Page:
Tunisia should learn from its neighbors that strongmen are not the answer

Supporters of Tunisian President Kais Saied gather in Tunis on July 25. (Str/EPA-EFE/REX/Shutterstock)
Supporters of Tunisian President Kais Saied gather in Tunis on July 25. (Str/EPA-EFE/REX/Shutterstock)

This week, Tunisian President Kais Saied dismissed the country’s prime minister, suspended its parliament and deployed troops to ensure legislators did not enter the building. This constitutional coup appears a clear effort to replace the fragile democratic regime with strongman rule. It answers the wishes of millions of Tunisians disillusioned with their weak democracy, whose dysfunction is exposed by a rampant covid-19 pandemic. Yet, as the cases of Egypt and Saudi Arabia show, while strongman rule can bring a measure of stability and progress in the short run, it cannot fix the country’s deep-seated problems.

Arab despots dream of reproducing South Korea’s Park Chung-hee and often begin their rules with success stories. However, they invariably end up closer to Kim Il Sung.

Consider the case of Egypt. President Abdel Fatah al-Sissi introduced serious economic reforms, drastically cutting the country’s budget deficit and subsidies, floating the Egyptian pound, reducing inflation and achieving a growth rate of 5 percent. He also expanded infrastructure and launched mega projects, including building a new administrative capital. More recently, he digitized and centralized government data and reformed banking. Other reforms in education, health, welfare, civil service and the justice system are underway. In his own words, Sissi is founding a “new state … a second republic.”

Saudi Arabia’s crown prince, Mohammed bin Salman (known as MBS), is no less ambitious. His Vision 2030 program seeks to move the Saudi economy away from oil dependence and turn the country into a hub for technology and trade. He has changed the face of Saudi cities, ended the ban on women’s driving, decimated the power of the morality police and brought artistic production into the country. He recently announced a radical revision of the way in which Saudi Arabia interprets Islamic Law, breaking with the Wahhabi orthodoxy.

It would be foolish to dismiss these reforms as irrelevant. However, it would be equally foolish to see them as building blocks for modern, functioning states. They are not.

First of all, the violence associated with these reforms strains Egyptian and Saudi society to a threatening level. This violence is not just inflicted on the hundreds of protesters shot or critics butchered or forced into exile. It is also inflicted on millions of poor and middle-class people whose living conditions have deteriorated further, and on entire populations subjected to Orwellian reign of terror and paranoia. And even if we could consider this violence a necessary cost of historic progress, it remains doubtful that a society broken into sheep or turned into angry mobs can produce innovating entrepreneurs and responsible citizens.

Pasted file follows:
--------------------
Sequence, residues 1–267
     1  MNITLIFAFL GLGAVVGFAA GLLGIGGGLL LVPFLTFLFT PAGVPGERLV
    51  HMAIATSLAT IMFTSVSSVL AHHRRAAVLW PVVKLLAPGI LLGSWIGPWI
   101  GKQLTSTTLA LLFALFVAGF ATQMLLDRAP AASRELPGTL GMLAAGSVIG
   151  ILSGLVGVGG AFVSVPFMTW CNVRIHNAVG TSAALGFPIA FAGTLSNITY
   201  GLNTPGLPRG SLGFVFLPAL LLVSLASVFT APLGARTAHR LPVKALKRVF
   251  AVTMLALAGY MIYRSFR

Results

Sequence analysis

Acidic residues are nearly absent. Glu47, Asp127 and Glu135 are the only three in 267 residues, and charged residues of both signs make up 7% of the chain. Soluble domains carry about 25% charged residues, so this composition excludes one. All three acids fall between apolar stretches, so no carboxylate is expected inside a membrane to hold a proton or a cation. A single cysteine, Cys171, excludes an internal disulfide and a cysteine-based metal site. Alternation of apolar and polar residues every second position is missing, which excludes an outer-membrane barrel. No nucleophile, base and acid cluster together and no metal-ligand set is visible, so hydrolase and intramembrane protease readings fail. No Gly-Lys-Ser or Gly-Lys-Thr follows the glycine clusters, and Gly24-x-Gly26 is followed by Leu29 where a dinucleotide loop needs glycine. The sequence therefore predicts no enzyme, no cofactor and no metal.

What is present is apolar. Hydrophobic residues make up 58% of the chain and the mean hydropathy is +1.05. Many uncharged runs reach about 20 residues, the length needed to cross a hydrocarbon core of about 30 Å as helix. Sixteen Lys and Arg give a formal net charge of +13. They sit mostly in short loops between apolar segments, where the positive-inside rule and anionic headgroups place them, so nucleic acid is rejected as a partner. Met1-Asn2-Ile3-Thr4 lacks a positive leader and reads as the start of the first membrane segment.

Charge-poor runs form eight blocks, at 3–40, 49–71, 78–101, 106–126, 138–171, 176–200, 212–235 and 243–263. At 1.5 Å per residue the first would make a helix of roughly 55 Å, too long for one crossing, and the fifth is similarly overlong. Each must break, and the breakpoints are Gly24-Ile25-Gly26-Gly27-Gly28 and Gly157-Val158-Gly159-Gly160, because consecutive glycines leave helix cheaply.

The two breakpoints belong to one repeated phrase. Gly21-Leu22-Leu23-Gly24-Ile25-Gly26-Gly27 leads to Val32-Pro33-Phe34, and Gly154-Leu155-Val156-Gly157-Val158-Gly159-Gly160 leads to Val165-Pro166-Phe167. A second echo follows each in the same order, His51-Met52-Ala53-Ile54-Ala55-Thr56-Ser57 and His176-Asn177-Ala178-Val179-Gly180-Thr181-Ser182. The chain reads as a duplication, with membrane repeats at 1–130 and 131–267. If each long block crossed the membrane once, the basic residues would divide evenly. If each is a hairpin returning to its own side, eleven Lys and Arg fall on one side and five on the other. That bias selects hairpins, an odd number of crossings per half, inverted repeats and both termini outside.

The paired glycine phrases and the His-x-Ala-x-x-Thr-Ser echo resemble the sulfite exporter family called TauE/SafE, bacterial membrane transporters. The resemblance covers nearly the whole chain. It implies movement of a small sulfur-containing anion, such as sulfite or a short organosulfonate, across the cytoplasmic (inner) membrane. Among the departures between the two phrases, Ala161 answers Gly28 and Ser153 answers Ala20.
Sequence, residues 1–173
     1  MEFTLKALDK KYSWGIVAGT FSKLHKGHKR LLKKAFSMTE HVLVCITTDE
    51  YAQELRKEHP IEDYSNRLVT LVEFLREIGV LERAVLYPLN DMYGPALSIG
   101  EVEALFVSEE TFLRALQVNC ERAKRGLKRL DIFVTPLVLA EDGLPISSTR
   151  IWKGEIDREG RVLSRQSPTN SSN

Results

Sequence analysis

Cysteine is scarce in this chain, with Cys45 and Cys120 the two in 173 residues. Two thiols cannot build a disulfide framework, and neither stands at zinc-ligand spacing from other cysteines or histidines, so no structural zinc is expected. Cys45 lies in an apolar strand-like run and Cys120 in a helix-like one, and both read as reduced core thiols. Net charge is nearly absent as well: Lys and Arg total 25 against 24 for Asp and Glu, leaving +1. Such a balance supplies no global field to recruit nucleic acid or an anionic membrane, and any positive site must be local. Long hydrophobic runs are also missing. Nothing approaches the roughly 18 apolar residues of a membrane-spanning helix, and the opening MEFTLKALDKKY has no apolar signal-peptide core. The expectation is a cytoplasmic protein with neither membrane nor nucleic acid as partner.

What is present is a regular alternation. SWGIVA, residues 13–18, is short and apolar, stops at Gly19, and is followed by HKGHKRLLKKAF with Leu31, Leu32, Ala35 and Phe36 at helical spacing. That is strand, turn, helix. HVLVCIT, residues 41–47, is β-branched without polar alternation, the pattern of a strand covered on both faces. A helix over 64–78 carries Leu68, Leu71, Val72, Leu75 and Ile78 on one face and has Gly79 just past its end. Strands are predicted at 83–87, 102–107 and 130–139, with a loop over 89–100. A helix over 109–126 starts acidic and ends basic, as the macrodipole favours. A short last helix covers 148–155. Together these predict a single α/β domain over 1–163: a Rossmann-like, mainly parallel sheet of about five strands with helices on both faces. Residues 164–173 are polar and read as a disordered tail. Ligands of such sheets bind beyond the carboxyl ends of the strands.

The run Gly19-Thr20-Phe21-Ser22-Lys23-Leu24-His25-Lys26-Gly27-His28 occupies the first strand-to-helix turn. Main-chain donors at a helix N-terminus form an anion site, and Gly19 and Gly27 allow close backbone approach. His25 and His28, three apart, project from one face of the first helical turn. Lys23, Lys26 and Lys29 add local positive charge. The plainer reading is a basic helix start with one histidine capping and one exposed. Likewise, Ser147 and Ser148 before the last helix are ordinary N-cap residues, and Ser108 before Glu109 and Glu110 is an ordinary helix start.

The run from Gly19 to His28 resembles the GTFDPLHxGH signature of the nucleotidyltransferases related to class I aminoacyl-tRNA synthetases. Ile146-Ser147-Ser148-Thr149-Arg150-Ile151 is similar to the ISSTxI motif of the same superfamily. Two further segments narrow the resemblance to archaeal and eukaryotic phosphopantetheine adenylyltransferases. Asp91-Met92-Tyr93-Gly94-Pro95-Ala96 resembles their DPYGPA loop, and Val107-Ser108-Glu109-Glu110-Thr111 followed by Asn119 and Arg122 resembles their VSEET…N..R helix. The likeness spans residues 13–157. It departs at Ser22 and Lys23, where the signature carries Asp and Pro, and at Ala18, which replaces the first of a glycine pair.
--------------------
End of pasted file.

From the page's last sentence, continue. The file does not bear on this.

Second, despotic rulers promote crony capitalists, not independent market forces capable of sustained growth. The South Korean and Chilean dictatorships built market economies because they were allied with market forces. Arab dictators start by decimating whatever independence capital has: Sissi put the military in charge of the economy, and MBS locked up prominent Saudi businessmen until they submitted to his will. Both are acting as de facto chief executives of the country. No wonder Egypt’s private sector can’t produce the anticipated supply response to macroeconomic reforms. Whenever the state runs out of capital, or its rulers’ whims change, investment and growth collapse. Saudi Arabia has deeper pockets than Egypt, which is facing a looming debt problem, but the principle remains the same.

Third, despotic rulers depend on a system of patronage and fear to control state institutions. This system values loyalty over performance and compliance over critical thought. It also eviscerates institutions’ independence, making them pliant tools in the hand of the ruler. Arab despots cannot transform state institutions into rational, independent bureaucracies because it threatens their power. The result is continued institutional weakness, so when a despot falls, state institutions lose balance and rally around a new one.

Fourth, despots’ inability to share power thins out their public support base while radicalizing opposition. This wastes considerable resources on enemies and turns political conflicts into zero-sum games, ultimately pushing regimes to tighten their grip further on state institutions and the economy in a downward spiral. If or when the regime’s grip falters, the result is not a move toward power-sharing, but a radical conflict with a risk of state collapse.

Finally, despots in the region almost always end up going too far. With little checks on their power, sooner or later, they embark on one self-destructive adventure or another.

Saied, a university professor with no institutional support, is a much weaker leader than the dictators in Cairo and Riyadh. If he garners the support of the Tunisian security sector and enough foreign backing, he could deliver some relief to the millions of suffering Tunisians. He could also rile up the angry youth with his anti-Israel rhetoric.

But there is little he can do about the deep-seated challenges of his country, including the lack of independent market forces, autonomous rational institutions, entrepreneurial and creative thought, and inclusive political systems. These are the problems that keep Arab states fragile, and despotism, even that which purports to be enlightened, only exacerbates them.

Ezzedine C. Fishere was The Post's second Jamal Khashoggi fellow. He is the author of “The Egyptian Assassin” and a senior lecturer at Dartmouth College.

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